Murray District Honors Outstanding Educators, Staff, VolunteerAug 03, 2016 08:58AM ● By Julie Slama
Seven Pinnacles winners were all smiles on March 24 when they were honored at Murray High School. Pictured are Maura Thatcher, Heather Wihongi, KymBerlyn Farrugia, Tracy Findlay, Mildred Horton, Teresa Bigelow and Judy Anderson. — Murray School District
By Julie Slama | [email protected]
Murray, Utah - When Mildred Horton was asked to meet with Murray High Principal John Goldhardt this past spring on a Thursday morning. She said she’d have to set up another time.
Unknown to her was that Murray Education Foundation had planned to surprise her as being selected as the outstanding volunteer for Murray School District. So the ceremony was put on hold and when later she walked into a conference room presumably to meet with the principal about her volunteer role with the Spartan Express, she was greeted by members of the Foundation, Murray School District Superintendent Steve Hirase, her family and others.
“I was absolutely surprised — I had no idea,” Horton said. “I’ve been really lucky to be involved in Murray School District and Murray City and have had the opportunity to volunteer to pay back to such a great community.”
This year, four teachers, two staff members as well as Horton made up the seven recipients of Murray School District’s 13th annual Pinnacle awards.
The recipients were honored on March 24 with a statuette, gift basket and $500 at Murray High School. Each recipient was highlighted in a video with student and principal comments. The Pinnacle Award winners are nominated by a peer, parent, community member or student.
This year’s recipients are Parkside Elementary’s Title 1 coordinator/teacher KymBerlyn Farrugia; Longview Elementary’s first-grade teacher Tracy Findlay; Hillcrest Junior School’s School Success teacher Maura Thatcher; Riverview Junior High English teacher Heather Wihongi; Murray High secretary Judy Anderson; McMillan Elementary secretary Teresa Bigelow; and Murray High volunteer Horton.
Farrugia, who attended Parkside while in fifth grade, has been with the district for 16 years. She said she knew she wanted to be a teacher from the first day of kindergarten, remembering Miss Kelly and her large silver clips she used to hold the paper onto the easel.
While working in Murray schools, she has taught second and third grade and was the perspectives teacher at Grant Elementary, served as the Title I coordinator at McMillan; was a district math specialist.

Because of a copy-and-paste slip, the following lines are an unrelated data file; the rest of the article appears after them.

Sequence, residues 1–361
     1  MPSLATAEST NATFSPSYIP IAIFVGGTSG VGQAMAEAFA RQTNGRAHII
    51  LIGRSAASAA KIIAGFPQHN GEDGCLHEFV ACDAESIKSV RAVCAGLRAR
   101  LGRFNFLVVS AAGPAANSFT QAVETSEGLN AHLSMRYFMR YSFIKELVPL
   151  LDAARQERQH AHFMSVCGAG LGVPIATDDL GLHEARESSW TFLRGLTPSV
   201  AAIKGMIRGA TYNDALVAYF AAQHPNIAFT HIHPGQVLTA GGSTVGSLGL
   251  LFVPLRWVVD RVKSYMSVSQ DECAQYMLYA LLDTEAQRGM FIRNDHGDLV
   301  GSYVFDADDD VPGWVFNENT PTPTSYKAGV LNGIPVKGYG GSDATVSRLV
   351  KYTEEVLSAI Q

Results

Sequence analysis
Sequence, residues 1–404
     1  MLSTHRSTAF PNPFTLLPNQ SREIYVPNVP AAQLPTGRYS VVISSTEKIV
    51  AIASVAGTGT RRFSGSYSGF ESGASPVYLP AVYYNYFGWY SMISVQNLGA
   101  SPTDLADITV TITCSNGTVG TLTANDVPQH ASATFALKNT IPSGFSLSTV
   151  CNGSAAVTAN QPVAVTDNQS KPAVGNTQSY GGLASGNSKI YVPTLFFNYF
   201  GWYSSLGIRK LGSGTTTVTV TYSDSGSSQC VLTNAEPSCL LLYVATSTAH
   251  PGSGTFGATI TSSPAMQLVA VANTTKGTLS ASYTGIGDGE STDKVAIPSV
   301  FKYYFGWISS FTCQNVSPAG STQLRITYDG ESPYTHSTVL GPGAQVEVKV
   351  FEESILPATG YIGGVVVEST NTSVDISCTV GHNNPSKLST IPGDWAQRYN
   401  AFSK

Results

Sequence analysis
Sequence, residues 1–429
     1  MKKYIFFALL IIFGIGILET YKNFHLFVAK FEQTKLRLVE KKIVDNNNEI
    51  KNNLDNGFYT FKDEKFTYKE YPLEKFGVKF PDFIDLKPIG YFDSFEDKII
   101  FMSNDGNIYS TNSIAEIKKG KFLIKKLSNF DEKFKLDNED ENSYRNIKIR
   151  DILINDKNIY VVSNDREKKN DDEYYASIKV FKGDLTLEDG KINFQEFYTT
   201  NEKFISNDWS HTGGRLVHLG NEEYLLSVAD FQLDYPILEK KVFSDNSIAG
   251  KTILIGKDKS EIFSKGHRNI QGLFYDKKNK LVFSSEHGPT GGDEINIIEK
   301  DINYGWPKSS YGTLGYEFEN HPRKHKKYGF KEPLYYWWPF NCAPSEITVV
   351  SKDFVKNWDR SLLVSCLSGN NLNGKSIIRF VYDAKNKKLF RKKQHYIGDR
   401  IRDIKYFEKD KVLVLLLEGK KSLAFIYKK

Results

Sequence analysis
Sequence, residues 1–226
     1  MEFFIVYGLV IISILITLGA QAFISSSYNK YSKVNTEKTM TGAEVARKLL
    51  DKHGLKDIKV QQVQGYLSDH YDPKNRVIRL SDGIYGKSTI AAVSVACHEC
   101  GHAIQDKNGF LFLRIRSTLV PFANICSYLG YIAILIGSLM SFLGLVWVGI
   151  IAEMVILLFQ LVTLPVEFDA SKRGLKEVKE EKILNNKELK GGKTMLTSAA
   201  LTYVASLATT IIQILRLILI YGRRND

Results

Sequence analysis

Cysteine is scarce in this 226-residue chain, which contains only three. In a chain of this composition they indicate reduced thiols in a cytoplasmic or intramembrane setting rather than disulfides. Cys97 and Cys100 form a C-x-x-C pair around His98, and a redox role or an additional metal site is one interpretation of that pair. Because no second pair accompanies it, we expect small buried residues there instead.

Findlay, who came to the district in August 1997, grew up close to an abandoned schoolhouse and played school where she was the teacher, learning from her father who served both as a teacher and a principal.
In Murray School District, she has taught first and second grades at Parkside, English-as-a-Second Language to adults, and served as a reading specialist at Longview Elementary, before jumping back to the first-grade classroom four years ago.
Thatcher, who also joined Murray in August 1997, recalled that her first-grade teacher, Mrs. Clark, inspired her to become a teacher and mentored her throughout her school years.
In addition to teaching at Hillcrest in Murray School District, she has taught at Riverview and worked in the district office as a special education behavior specialist.
Wihongi joined Hillcrest faculty in 2002, where she met her future husband, Scott Wihongi, a science teacher. Students were said to play matchmaking only to learn that the couple already had been dating.
After teaching English for seven years and being the student government adviser at Hillcrest, she transferred to Riverview where she has continued to teach English and journalism classes.
Anderson, who was asked to join the Murray High office staff in 1991 by former principal and former superintendent Richard Tranter, was elected second president of the Utah Association of Educational Office Professionals. She later was named the Office Professional of the Year in 2008.
Before moving to Salt Lake area, she worked at Jerome High School in Jerome, Idaho.
Bigelow, who was a volunteer at Grant Elementary when her boys attended the school, began working at the school when the former principal Dave Smith asked her to join the staff as a classroom aide in 1994. For the past nine years, she has been McMillan’s school secretary.
In addition to serving the schools in her official positions, Bigelow ahs served on numerous committees at Grant, Riverview and Murray High as well as the Murray City Personnel Advisory Board.
Horton, who served 11 years on the Murray Board of Education, has been an active Murray School District volunteer, first serving as a Parent-Teacher Association president at Riverview, then at Murray High. She also served as the region director of the Murray PTA Council and for the past 20 years, been in active with Murray High’s Renaissance Committee where she oversees concessions for football and basketball games.
In addition to serving Murray School District, she has been active in the community, serving on several committees, including the Arts Advisory Board and currently is president of the Friends of the Murray Library. She has volunteered with the Parks and Recreation Board and has helped with art exhibits, Murray City Museum and cemetery tours.
“I consider myself recycled as I’ve had eight grandchildren attend Murray High and I’ve been part of their school years there and I have two to go. What has been really great about the award is that it has given me a chance to use certificates in the gift basket and thank the managers for their participation in supporting the education system. It’s been great to tell them thanks,” Horton said.